Melindy Quinn Dickey b. abt 1809 Ky. Was a widowed and HH in the July 16, 1860 Census of District 1, Fleming, Ky (Post Office: Elizaville). Son, Jno J. Dickey b. abt 1842 Ky is residing in her household.

William and Melinda Quinn Dickey also had a child named Ardivan Stamper Dickey b. December 22 1831, Fleming, Ky. Died: January 17, 1915, Spencer, KY. He married Mary Annie Kirk on October 16 1860. She was b. June 13, 1834 and d. November 10 1886. After he was widowed, Ardivan Stamper Dickey later married Mary Wilson on February 26 1895.

Jno J. Dickey is single and listed in his mother's HH in the July 9, 1870 Census of Elizaville District, Fleming, Ky (Post Office: Elizaville). His occupation is listed as: Teaching School.

The Dickey family descendants may not know about Edgar as there is not one listed on the family tree. The second possibility is that Ardivan and Mary's child James E. Dickey, b. 1868 Ky is James Edgar Dickey.

Mary Kirk Dickey's parents were:

Moses Kirk b. abt. 1816, Ky and Jane A. (Maiden Name Unknown) Kirk b. 1828, Ky. Moses Kirk's occupation was listed as: Farmer. There is a Nelson Kirk, also a farmer, living next door in the 1850 census who is old enough to be Moses' father. Nelson Kirk was b. abt 1790, MD. There is no wife present in the home, but there are three children, Todd H., Mary and Sarah H.

Both Kirk's seem to be well-to-do by the "standards of the day". Moses Kirk's farm is valued at $3,300 and Moses Kirk's is valued at $7,000

After I had that information I went on a search for family trees for Moses Kirk and found only one and it did not list his parents. I then did a search for Nelson Kirk of Md who died in Ky. It came up with:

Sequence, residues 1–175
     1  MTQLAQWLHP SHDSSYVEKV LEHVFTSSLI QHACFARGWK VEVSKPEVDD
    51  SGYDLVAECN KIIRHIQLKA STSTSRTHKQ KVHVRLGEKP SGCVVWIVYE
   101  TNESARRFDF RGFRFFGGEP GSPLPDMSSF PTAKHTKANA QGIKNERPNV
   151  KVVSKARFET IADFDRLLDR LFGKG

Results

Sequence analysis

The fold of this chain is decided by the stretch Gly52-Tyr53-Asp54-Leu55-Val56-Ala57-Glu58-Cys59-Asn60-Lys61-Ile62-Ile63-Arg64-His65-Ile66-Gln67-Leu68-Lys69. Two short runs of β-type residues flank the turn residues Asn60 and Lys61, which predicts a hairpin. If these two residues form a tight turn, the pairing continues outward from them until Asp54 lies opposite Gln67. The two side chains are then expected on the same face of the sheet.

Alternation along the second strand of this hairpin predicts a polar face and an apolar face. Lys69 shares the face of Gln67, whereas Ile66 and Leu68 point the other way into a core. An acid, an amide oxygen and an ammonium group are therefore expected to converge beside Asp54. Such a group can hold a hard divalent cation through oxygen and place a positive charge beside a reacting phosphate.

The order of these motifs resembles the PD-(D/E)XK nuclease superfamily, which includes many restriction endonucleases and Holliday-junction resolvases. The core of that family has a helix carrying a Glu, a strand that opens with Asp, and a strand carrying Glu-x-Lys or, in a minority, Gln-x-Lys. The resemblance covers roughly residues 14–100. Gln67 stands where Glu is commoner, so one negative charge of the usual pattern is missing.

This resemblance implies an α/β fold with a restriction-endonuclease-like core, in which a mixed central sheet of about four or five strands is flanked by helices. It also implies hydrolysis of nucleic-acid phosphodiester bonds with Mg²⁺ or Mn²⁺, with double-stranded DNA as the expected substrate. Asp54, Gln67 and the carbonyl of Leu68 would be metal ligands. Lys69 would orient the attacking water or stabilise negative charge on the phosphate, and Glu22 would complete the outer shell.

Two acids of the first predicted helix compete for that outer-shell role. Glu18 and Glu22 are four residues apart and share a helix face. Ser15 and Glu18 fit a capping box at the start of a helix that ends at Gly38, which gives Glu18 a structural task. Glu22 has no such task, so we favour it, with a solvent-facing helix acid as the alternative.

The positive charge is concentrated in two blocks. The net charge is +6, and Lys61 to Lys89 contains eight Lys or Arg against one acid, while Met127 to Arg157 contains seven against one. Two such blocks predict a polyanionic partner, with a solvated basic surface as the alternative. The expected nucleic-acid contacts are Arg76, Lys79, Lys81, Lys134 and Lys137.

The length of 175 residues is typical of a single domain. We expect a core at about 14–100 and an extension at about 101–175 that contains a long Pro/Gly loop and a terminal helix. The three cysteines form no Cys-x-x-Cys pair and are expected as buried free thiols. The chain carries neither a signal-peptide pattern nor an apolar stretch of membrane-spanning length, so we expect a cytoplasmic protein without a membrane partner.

Nelson Read Kirk b. May 15 1790, Montgomery, MD d. June 25 1860, Fleming, Ky

m. Sarah Applegate on December 12, 1814 in Mason, Ky. Sarah was b. January 27, 1790 and this family tree lists her as dying January 6, 1854 (yet she was not in the household of Nelson Kirk during the 1850 census).

Bottom line of all this rambling:

It appears that:

Rev. J.J. Dickey and Ardivan Stamper were brothers. The poem seems to be written in memory of a beloved nephew.

The Stamper connection to the Dickeys is still unknown, but there we can say that there are no direct Stamper ties in that generation. Ardivan was a first son and traditionally their middle names were the maiden name of their mother, yet there appears to be absolutely no Stamper ties in the Quinn line. William Dickey's parentage is unconfirmed at this time and that would probably be the avenue of research to be pursued.

Sometimes people name children for reasons that are lost to history or for reasons that defy all but personal knowledge. My ex-husband has the middle name Duard because a man with that last name saved my ex-father-in-laws life in WW2. Sometimes the reasons have no connection to the family whatsoever.

I also am not allergic to the fact that some of my research might be "off". If it is, I apologize in advance.

Well, I hope this was helpful in some small way. I really appreciate all the wonderful information on your website and I thought I'd give this a try as a way of saying thank you for all your hard work.

 Your Stamper cousin, Laura Brenner (great-great-granddaughter of Alfred and Charity Stamper Osborne).

The Stamper Family Project
is the property of Golden Combs Ferguson